In response, VA hired a private company to audit all veteran owned businesses applying for “veteran owned business” status. This is the status that allowed them to bid on these specialty contracts I just mentioned.

Unfortunately, by straining the catch a gnat, the VA ended up clogging the process and keeping many veteran owned businesses out of government contracting all together. Many real veteran owned companies were unable to get the certification. Others were caught in a delay that was caused by the audit and gave up.

With the new initiative, VA will allow businesses with small documentation problems to obtain contracts under a temporary provision. Normally, VA would deny these applications out of hand. Then, those businesses would face the year long appeals time and attorney’s costs. Now, they will be able to get a waiver and work with the VA to correct the problems within a matter of days.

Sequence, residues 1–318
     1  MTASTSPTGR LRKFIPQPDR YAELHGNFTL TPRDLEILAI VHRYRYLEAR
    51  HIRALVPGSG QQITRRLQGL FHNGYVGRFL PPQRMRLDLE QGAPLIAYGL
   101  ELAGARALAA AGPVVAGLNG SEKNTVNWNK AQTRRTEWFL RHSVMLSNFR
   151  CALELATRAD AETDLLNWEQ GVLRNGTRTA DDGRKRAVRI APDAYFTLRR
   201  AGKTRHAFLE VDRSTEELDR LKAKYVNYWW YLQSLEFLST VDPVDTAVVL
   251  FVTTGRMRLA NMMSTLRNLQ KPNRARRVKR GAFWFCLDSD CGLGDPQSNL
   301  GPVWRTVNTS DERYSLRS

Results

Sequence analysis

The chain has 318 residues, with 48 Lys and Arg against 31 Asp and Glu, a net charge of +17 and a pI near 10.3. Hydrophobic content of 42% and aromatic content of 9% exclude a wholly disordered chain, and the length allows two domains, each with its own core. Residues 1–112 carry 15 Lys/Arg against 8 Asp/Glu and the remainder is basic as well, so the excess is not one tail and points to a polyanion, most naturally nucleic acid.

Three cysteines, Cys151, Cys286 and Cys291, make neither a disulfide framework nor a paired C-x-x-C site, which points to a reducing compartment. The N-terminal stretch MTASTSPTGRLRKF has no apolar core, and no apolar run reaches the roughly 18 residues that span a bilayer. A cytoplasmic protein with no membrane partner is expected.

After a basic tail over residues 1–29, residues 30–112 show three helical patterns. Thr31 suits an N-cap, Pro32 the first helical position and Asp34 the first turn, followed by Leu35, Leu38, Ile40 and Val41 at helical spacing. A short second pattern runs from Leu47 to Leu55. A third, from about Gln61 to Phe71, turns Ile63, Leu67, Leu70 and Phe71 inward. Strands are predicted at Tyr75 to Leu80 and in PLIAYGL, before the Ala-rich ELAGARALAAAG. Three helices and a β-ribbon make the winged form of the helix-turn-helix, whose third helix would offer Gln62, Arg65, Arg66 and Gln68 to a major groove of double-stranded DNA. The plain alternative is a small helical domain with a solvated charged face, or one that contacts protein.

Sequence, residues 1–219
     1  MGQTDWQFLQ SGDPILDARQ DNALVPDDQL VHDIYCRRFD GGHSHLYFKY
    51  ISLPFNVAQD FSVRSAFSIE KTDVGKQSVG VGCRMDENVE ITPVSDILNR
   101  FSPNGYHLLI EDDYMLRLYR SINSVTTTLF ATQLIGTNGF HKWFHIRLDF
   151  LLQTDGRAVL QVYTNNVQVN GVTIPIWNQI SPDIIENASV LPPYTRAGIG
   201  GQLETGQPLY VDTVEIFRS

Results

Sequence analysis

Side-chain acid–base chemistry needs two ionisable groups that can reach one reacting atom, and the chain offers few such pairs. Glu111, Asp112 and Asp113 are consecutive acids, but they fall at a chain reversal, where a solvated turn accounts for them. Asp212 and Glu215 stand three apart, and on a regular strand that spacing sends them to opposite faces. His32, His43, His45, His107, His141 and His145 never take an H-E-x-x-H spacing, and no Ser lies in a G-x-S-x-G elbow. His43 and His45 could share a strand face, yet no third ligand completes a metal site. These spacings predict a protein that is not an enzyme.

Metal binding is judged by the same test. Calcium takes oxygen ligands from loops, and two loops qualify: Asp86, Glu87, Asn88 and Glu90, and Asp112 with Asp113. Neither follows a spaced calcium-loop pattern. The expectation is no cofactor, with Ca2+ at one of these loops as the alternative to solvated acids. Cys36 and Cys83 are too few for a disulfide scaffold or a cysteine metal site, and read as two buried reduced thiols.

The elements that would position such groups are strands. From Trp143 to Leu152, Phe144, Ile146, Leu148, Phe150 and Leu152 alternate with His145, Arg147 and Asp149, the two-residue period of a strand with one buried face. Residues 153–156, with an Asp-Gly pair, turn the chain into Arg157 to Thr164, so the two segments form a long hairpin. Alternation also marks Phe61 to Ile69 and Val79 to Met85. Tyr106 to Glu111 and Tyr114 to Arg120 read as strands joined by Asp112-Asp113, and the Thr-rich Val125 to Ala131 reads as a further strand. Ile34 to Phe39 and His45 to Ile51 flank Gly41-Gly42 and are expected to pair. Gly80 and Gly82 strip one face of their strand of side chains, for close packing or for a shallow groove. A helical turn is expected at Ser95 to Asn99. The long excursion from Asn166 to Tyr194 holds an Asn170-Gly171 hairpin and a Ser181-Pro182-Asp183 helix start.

Win – win.

Veteran will get jobs and veteran owned businesses will flourish. Maybe they could hire some of these companies as contractors to fix backlog?

Source: American Legion


Conclusion on Veterans This Week

VA should apply its veteran owned business waiver to veterans’ disability compensation. VA could call veterans prior to making a determination to make sure they are rendering their denial of benefits on the correct information. It’s a thought.

We are coming into hard times, but at the current snail’s pace of claims adjudication, veterans and the American public will need to wait 27 years for the VA to clean up its act.

Let’s hope they apply the veteran owned business solution to disability compensation in the near future, too. I don’t think veterans can wait 27 years for the VA to work down its national backlog.